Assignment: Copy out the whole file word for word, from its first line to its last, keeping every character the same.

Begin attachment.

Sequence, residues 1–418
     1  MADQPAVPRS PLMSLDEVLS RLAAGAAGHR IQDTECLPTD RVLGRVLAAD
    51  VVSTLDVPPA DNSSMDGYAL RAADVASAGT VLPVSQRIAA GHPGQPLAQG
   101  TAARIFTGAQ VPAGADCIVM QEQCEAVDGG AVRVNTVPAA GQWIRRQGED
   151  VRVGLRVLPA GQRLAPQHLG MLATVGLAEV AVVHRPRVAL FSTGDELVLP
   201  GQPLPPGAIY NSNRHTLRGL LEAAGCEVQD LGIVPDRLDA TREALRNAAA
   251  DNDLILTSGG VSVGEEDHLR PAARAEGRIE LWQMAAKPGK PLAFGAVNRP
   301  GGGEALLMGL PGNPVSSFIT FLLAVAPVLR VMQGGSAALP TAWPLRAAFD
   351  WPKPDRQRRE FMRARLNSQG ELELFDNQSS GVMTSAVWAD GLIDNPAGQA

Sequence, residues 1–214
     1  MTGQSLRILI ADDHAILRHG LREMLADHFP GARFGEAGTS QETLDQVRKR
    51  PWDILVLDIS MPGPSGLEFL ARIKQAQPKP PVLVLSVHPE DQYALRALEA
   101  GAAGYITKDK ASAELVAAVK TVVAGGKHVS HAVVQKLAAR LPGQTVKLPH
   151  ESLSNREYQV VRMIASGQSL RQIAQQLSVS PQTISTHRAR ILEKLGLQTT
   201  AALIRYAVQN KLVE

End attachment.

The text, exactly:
Sequence, residues 1–418
     1  MADQPAVPRS PLMSLDEVLS RLAAGAAGHR IQDTECLPTD RVLGRVLAAD
    51  VVSTLDVPPA DNSSMDGYAL RAADVASAGT VLPVSQRIAA GHPGQPLAQG
   101  TAARIFTGAQ VPAGADCIVM QEQCEAVDGG AVRVNTVPAA GQWIRRQGED
   151  VRVGLRVLPA GQRLAPQHLG MLATVGLAEV AVVHRPRVAL FSTGDELVLP
   201  GQPLPPGAIY NSNRHTLRGL LEAAGCEVQD LGIVPDRLDA TREALRNAAA
   251  DNDLILTSGG VSVGEEDHLR PAARAEGRIE LWQMAAKPGK PLAFGAVNRP
   301  GGGEALLMGL PGNPVSSFIT FLLAVAPVLR VMQGGSAALP TAWPLRAAFD
   351  WPKPDRQRRE FMRARLNSQG ELELFDNQSS GVMTSAVWAD GLIDNPAGQA

Sequence, residues 1–214
     1  MTGQSLRILI ADDHAILRHG LREMLADHFP GARFGEAGTS QETLDQVRKR
    51  PWDILVLDIS MPGPSGLEFL ARIKQAQPKP PVLVLSVHPE DQYALRALEA
   101  GAAGYITKDK ASAELVAAVK TVVAGGKHVS HAVVQKLAAR LPGQTVKLPH
   151  ESLSNREYQV VRMIASGQSL RQIAQQLSVS PQTISTHRAR ILEKLGLQTT
   201  AALIRYAVQN KLVE